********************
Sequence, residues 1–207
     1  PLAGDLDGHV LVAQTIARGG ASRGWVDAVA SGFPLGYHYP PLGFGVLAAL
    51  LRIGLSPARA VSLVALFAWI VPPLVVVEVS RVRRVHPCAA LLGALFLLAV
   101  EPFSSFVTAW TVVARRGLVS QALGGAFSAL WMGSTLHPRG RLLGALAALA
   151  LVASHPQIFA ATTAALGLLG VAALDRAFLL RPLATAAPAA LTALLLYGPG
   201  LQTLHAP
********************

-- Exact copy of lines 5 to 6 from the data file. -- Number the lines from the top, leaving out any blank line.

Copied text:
   151  LVASHPQIFA ATTAALGLLG VAALDRAFLL RPLATAAPAA LTALLLYGPG
   201  LQTLHAP